But critics have pointed out that much, if not all, of the improved figures on unemployment is due to state-sponsored, make-work schemes aimed chiefly at those under 25 years of age. Tens of thousands of jobs are being created this way.

Economic growth remains well below levels needed to generate significant numbers of private-sector jobs. (…)

Upgrade Lifts Spanish Shares

Spanish shares and bonds were lifted by an upgrade to the country’s credit outlook by Standard & Poor’s, while wider European stocks and the single currency took a pause from their recent rally.

European Banks Could Take Their Hits Early

European banks could face a torrid fourth quarter as they face up to next year’s asset review by the European Central Bank.

That’s not the banks’ only problem. They also need to comply with minimum capital requirements under Basel III regulations; and ensure they meet leverage ratio rules designed to make them less reliant on borrowed funds. In sum, European banks could need to plug a €280 billion ($380.21 billion) capital gap, according to a report by PwC. Technical adjustments could reduce the gap by around €100 billion. But banks could still have to raise €180 billion from new capital raising or restructuring, PwC reckons.

Rather than wait for the ECB, banks could try to get ahead. Already this year European banks have issued €60 billion of new equity, according to Thomson Reuters data, up from €30 billion in the whole of 2012. Banks like Barclays and Deutsche Bank have undergone sizable rights issues.

But the process is far from complete. One implication is that banks could use upcoming fourth-quarter results to clear the decks, so that their balance sheets anticipate as far as possible the rules they expect the ECB to apply in its asset quality review. The European Banking Authority last month issued standards for defining nonperforming loans, aimed at stemming divergent practices across the euro zone. Banks could apply them as soon as the current quarter, according to senior executive at a major European bank—with the aim of getting their balance sheets in shape before the ECB’s inspectors come to town.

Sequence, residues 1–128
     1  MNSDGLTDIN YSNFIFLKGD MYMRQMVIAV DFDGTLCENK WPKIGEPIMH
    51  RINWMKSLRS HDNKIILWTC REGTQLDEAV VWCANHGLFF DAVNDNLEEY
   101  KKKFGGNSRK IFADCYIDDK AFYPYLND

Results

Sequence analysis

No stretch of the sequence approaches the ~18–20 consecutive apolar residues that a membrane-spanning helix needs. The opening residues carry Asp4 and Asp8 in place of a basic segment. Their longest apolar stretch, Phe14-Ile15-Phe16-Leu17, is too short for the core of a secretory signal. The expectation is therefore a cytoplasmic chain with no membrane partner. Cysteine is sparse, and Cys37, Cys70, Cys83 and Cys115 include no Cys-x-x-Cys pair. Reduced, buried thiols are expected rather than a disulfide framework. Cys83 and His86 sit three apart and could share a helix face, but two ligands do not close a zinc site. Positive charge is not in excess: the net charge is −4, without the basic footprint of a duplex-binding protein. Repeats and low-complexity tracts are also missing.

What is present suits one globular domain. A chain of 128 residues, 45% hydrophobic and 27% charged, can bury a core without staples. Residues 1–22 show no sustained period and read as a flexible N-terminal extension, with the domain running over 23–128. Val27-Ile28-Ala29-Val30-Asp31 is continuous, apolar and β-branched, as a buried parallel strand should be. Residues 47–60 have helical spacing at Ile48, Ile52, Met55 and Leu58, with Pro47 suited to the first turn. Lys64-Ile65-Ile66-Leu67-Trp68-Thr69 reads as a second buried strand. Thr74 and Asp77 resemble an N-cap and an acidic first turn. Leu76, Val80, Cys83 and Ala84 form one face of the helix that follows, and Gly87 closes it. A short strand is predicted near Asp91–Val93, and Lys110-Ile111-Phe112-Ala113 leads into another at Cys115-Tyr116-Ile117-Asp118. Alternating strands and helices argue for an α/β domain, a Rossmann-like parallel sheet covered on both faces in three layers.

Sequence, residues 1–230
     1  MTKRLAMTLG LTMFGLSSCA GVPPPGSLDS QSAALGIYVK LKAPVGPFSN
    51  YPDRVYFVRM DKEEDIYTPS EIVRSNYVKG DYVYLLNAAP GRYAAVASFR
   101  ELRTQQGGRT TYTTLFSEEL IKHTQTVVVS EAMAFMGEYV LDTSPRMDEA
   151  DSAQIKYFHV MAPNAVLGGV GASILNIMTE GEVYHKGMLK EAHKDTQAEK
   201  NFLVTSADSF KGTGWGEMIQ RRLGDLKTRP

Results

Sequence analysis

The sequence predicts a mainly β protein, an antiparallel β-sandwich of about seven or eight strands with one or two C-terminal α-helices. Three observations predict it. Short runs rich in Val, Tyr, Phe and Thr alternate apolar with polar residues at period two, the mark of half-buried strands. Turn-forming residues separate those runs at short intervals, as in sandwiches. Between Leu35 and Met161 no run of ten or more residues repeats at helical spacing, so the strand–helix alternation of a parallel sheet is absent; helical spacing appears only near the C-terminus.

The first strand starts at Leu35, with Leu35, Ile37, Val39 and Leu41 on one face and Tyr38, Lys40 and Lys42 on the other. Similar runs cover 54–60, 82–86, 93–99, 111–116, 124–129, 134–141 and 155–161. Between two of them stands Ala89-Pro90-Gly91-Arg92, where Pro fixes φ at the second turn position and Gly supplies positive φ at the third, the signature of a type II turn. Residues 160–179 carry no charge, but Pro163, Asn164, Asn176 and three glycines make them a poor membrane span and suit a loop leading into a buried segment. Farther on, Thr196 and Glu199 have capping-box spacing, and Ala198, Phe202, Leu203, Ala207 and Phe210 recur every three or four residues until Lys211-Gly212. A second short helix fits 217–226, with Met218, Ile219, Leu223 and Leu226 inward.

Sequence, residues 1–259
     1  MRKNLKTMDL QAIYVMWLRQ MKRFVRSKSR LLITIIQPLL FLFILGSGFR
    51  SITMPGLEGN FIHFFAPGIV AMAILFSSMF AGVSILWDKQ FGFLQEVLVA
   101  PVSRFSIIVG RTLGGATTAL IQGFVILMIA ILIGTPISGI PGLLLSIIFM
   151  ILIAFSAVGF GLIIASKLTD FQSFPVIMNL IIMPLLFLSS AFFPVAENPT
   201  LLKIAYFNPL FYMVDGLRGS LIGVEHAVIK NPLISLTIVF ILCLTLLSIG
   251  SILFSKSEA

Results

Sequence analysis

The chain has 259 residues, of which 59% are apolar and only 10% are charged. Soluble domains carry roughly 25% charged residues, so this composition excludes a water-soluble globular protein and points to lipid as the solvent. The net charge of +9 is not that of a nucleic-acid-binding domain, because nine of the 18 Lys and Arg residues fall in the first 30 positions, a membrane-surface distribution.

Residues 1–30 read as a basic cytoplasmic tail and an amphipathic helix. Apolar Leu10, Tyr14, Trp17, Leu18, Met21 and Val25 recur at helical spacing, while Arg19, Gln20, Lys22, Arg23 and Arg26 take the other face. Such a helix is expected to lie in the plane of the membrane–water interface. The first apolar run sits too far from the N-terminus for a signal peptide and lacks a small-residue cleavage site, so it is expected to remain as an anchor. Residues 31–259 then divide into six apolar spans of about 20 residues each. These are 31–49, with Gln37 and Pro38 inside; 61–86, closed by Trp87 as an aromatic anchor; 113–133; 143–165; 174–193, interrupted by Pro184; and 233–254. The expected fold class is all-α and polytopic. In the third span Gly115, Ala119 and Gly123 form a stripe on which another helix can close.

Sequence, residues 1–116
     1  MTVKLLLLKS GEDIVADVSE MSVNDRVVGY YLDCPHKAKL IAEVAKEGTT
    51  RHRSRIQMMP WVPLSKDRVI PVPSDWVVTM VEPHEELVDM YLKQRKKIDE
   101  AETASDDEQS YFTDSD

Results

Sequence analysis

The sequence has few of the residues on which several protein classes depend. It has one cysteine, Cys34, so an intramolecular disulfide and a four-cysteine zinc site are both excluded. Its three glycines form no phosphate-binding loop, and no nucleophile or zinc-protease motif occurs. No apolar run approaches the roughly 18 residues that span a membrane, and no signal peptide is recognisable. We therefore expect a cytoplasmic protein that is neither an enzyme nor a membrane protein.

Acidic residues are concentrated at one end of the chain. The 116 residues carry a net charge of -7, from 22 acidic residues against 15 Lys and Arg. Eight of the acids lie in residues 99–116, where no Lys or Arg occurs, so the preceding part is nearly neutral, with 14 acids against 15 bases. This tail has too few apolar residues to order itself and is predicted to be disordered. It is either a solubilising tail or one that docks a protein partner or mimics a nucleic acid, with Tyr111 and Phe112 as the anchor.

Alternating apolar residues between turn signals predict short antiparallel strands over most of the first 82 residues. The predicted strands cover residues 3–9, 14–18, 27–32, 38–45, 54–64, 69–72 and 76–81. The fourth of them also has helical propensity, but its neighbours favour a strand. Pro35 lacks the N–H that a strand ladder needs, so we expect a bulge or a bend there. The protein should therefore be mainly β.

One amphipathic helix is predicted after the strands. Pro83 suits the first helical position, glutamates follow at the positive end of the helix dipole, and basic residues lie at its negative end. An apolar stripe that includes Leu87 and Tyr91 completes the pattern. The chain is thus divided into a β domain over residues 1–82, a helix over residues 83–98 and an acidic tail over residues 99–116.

That could make the coming earnings season something of a bloodbath. Already, reserves against bad loans look short in some countries. Italian banks’ reserves covered only 41% of their bad loans at the end of September, according to Morgan Stanley.  If they were to raise that ratio to 65%, say, Italian banks would need an extra €11.3 billion of capital to meet a minimum core tier one equity ratio of 8%.

Banks in other countries have made progress earlier. Spain’s central bank this year forced its banks to clean up their mortgage lending books. That’s one reason why Spanish banks on average trade at close to their tangible book value, compared with Italian banks that trade at around 0.6 times tangible book, according to Berenberg Bank: Investors simply trust Spanish banks’ accounts more right now.

Bridging the credibility gap is becoming a matter of urgency for Europe’s banks.

Mind the WTI-Brent spread!

The WTI-Brent spread is at a record wide of almost $20 per barrel. This isn’t, of course, what was supposed to happen.

As JBC Energy wrote on Thursday:

January crude futures moved in opposite directions with ICE Brent posting a moderate gain of 43 cents per barrel to settle at $111.31 even as Nymex WTI took a heavy hit, settling at $92.30 per barrel, down $1.38 on the day. Brent prices found further support in ongoing chaos in Libya. Plenty of excitement also came on yesterday’s release of both weekly and monthly EIA data. US crude production for the week ending 22 November surpassed the 8 million b/d level for the first time since 1989 and crude stocks appear to be zeroing in on the record levels seen in May, despite higher utilisation. This is all the more remarkable considering that this is the time of the year when stocks tend to remain flat before heading south due to less maintenance and tax considerations. It is therefore hardly surprising that the market reacted to this strong counter-seasonal trend by widening the WTI/Brent discount by another $1.80 to $19.01 per barrel.